One of the worst things you can do in an interview is to have nothing to say at the end of the interview. Most commonly this takes the form of the question “Do you have any questions for us?” and while you might not have anything you want to know not asking something makes you seem disinterested. When they ask this its usually a good sign that they believe they’ve got the right person and they’re willing to divulge information that you might not have been privvy to before. I now have 2 favourites I like to use when this comes up: “How long have you worked here?” and “What’s the best thing about working here?” and the reasoning behind these questions are more anecdotal that scientific.
In essence a workplace is just another social gathering except you’re all there to work towards a common goal. One of the most common social interactions that I see take place anywhere is that of sharing various stories about life’s various challenges and experiences. Whilst you’re in an interview you’re basically a stranger in a circle of friends and the quickest way to dig yourself out of it is to share a story with them. The two questions I mentioned are simple yet invoke a varied response from everyone, drawing you into a conversation that is usually only held amongst current employees. The order to is important as whilst asking someone how long they’ve worked somewhere is a great way to get them talking it can be a sore point for some people. Thus the last question of what the best thing about working there is gets people talking fondly of their experiences, and leaving on that note ensures that when they look back on the interview they associate your name with those good memories.
Don’t think that the interview finishes when you leave the room either. On most occasions you’ll be brought through the normal work area to the conference room they’ve re-purposed for interviewing people. Since you’re not going to be let loose in the corporate environment you’ll usually be escorted by one of the interviewers both in and out of the building. Whilst I haven’t seen many places employ this technique it is very much akin to the post-interview used in polygraphs to gain more information than what was discovered during the interview. It’s also a good chance to guage how well the interview went as if you did well they will usually divulge even more information to you. All of this is moot for security cleared positions however, but they’re another beast altogether.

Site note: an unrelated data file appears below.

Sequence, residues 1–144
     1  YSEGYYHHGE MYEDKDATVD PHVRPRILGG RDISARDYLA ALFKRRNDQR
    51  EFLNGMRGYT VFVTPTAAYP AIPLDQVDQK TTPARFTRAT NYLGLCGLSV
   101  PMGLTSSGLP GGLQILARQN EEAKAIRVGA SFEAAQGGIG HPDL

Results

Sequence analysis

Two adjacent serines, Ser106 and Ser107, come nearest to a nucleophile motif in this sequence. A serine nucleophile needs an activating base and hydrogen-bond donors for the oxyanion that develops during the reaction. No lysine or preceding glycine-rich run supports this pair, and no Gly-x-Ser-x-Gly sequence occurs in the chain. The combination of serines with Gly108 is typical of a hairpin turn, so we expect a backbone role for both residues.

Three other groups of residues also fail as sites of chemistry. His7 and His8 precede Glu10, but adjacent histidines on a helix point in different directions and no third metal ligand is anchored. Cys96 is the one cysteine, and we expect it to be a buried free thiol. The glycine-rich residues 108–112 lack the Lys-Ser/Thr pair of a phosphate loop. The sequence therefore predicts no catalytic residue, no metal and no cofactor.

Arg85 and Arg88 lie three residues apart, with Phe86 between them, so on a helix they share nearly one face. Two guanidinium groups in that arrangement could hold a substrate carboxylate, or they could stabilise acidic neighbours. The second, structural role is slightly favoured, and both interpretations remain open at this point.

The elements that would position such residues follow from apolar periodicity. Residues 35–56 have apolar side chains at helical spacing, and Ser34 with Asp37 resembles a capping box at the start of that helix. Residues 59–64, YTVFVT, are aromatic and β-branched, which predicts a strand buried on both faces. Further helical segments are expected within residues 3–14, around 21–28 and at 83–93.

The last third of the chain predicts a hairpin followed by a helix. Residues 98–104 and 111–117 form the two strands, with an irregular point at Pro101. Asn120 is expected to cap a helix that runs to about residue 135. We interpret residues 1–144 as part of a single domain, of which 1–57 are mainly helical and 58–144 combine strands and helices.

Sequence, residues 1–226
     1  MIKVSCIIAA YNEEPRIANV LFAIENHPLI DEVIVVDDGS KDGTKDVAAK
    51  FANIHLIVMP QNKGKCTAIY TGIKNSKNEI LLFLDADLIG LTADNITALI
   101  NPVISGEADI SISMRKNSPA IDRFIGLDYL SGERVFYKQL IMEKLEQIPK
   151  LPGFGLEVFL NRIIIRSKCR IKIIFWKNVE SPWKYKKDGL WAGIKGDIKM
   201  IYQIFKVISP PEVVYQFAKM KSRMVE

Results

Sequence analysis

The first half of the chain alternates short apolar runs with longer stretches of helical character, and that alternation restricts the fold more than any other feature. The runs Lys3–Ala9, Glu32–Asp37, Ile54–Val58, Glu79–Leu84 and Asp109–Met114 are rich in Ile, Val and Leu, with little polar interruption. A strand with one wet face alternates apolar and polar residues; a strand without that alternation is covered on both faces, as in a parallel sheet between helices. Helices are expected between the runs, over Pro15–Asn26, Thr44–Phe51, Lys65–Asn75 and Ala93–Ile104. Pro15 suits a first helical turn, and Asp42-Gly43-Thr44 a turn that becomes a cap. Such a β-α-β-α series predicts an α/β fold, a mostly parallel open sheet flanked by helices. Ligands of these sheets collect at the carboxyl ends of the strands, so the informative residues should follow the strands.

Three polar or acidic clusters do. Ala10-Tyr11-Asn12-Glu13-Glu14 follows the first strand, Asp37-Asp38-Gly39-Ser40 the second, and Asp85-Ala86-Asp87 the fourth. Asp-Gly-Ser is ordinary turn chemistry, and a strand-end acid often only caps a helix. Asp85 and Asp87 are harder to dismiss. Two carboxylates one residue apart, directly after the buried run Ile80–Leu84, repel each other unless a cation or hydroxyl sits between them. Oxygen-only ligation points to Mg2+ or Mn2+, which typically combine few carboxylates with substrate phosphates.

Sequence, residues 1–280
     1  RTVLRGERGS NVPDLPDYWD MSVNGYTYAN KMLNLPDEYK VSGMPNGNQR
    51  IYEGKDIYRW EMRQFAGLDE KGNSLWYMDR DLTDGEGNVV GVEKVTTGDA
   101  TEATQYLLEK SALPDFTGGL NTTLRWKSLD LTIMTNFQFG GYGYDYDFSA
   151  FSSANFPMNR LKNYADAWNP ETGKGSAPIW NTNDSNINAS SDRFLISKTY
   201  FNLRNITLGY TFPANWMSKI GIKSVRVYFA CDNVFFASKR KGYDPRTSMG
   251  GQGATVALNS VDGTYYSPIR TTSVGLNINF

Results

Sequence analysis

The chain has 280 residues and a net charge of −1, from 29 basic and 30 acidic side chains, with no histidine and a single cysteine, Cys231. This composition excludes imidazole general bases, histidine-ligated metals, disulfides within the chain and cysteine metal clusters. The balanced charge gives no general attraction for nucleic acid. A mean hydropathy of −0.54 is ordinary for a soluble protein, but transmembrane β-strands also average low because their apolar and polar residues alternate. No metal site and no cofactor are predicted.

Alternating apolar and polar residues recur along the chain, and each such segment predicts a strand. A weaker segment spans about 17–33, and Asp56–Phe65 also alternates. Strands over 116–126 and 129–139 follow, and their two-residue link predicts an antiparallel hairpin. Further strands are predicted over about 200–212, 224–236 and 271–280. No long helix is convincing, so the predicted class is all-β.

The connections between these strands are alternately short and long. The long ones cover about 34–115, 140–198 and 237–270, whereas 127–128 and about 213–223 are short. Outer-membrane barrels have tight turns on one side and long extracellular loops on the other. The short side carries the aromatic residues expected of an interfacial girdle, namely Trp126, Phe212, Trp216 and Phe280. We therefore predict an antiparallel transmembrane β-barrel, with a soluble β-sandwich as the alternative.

So the next time you walk into that daunting office space to be questioned on end by a group of strangers remember this: they’re already interested in you. As long as you’re honest and confident in your abilities you can walk in there thinking you’ve already got the job and more than likely you’ll walk out of there with it.
I would say practice makes perfect, but I wouldn’t want everyone quitting their jobs just to practice their interviewing skills
Whilst I’m all for protecting children on the Internet there are far better ways to do it than what Senator Conroy is proposing. I’m glad that Mike was on-board with what I was talking about and he brought up some really good examples of how the government has pulled these kinds of stunts in the past. Whilst I don’t want to go too far into tin foil hat mode, the whole internet filter smacks of government control of information. I’d happily support an opt-in filter for concerned parents (even opt-out at a real stretch) but only as long as it didn’t impact on people who didn’t want it.
My main point on all this is that many people don’t know enough about the Internet and the way it functions to make informed decisions on ideas like this. In many cases your average Joe will hear the words “Protecting our children” and instantly rubber stamp their approval. It’s a slippery slope once we give the government this kind of power, and I’d rather block this proposal in its entirety rather than have to circumvent it later on.
If you’re reading this and you’re concerned about your children and the dangers of the internet there are a couple pointers I’d like to give you:
I’ve attached an MP3 of the interview for you all to listen to, enjoy!!